NZ/UK trade agreement: first in, best dressed

As predicted, Todd McClay is in action immediately seeking to talk trade with UK and EU ministers.

Trade Minister Todd McClay is seeking meetings about Brexit with his counterparts from the European Union and Britain at a G20 trade ministers meeting in China to which New Zealand has been invited.

He said he wanted to discuss New Zealand’s best way forward in light of Britain’s vote to leave the EU.

“In the meantime, it is important for exporters to be assured that our economic relationship with the UK and Europe will remain the same for the foreseeable future.

“Even before Friday’s referendum, we had sought assurances from UK and EU officials that the rules around New Zealand access would not change until they have negotiated new ones with us,” he said.

“We have received those assurances.”  

Britain has yet to give legal notice to the EU to quit under Article 50 of the 2009 Lisbon Treaty.

Once it does, it has up to two years to negotiation an exit deal, which will effectively involve its own trade deal with the EU.

Mr McClay said he expected to meet with many European counterparts at the meeting in Shanghai on July 9 and 10.

EU Trade Commissioner Cecilia Malmstrom and UK Minister of State for Trade and Investment will be among the attendees.

Mr McClay is in regular contain with Ms Malmstrom because New Zealand in the midst of preparations to launch FTA negotiations with the EU.

He did not believe that progress on a EU-NZ free trade agreement – a possible conclusion in 2019 – would be significantly affected.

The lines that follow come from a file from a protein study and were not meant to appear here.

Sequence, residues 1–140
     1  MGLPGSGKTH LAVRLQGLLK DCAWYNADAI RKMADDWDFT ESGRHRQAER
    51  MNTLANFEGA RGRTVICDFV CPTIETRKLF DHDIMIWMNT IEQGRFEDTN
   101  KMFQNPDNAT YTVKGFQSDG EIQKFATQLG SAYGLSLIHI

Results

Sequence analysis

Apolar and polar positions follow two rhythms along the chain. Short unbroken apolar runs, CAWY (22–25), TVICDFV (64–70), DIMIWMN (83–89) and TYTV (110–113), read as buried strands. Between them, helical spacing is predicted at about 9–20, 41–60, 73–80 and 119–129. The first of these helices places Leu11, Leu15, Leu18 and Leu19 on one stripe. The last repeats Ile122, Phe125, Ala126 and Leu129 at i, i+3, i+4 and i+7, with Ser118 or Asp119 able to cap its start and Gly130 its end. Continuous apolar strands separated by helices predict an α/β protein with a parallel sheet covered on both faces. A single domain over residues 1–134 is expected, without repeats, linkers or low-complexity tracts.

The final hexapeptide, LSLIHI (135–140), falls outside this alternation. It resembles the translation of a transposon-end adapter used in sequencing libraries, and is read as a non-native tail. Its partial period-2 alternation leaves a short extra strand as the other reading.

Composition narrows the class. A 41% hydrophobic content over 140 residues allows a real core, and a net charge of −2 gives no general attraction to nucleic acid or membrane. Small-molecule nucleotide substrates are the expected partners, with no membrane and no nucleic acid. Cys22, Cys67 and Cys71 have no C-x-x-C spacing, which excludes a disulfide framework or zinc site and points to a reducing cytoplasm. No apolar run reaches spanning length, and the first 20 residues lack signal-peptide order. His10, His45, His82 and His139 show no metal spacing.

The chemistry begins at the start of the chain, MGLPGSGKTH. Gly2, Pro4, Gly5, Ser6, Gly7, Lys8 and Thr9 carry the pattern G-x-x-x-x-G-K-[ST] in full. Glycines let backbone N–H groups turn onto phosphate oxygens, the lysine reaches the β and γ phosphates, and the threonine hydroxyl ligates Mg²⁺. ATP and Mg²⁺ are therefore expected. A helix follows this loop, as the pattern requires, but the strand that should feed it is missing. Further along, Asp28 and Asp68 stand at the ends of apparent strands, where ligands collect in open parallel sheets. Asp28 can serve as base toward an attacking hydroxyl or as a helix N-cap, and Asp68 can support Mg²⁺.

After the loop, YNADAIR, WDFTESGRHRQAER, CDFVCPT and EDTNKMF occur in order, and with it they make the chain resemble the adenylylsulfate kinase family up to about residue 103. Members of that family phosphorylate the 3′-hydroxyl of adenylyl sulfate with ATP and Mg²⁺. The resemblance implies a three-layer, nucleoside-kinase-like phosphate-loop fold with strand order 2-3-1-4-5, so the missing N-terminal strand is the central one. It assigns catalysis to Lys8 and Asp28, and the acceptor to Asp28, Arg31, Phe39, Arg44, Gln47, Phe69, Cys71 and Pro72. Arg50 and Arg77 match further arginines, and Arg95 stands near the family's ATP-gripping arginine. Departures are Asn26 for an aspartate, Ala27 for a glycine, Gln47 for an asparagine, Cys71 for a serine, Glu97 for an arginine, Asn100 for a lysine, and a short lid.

“While it is still very early days in the joint scoping exercise, we are working towards a possible launch of negotiations during 2017 with a potential two-year negotiation,” he told the Herald.

If you look at the list of the biggest economies in the world, of the top ten only four are EU nations: Germany, the UK, France and Italy. Of them, the UK is leaving the EU, and France and Italy are talking about it, leaving Germany as a player. If France and Italy also leave then the EU is going to suffer significantly in relevance in world trade. If four of the top ten economies in the world leave the EU then the EU is dead.

Focussing on trade with the UK is the best option. Get in first, cut a deal and grow from there. To put things in perspective, check out the interactive map of Statistics NZ. It shows that our trade with the UK is more than double that with Germany. Germany is second, but France and Italy aren’t that far behind. To further discount the impact of Europe for NZ, China is over 7 times the value of exports than Germany, and Australia 14 times. Europe, after France and Italy leave the EU, is essentially worthless to us.

It is the EU that is vulnerable, propped up by those big economies of which two more are set to bolt with the UK.

 

– NZ Herald


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As much at home writing editorials as being the subject of them, Cam has won awards, including the Canon Media Award for his work on the Len Brown/Bevan Chuang story.  And when he’s not creating the news, he tends to be in it, with protagonists using the courts, media and social media to deliver financial as well as death threats.

They say that news is something that someone, somewhere, wants kept quiet.   Cam Slater doesn’t do quiet, and as a result he is a polarising, controversial but highly effective journalist that takes no prisoners.

He is fearless in his pursuit of a story.

Love him or loathe him.  But you can’t ignore him.

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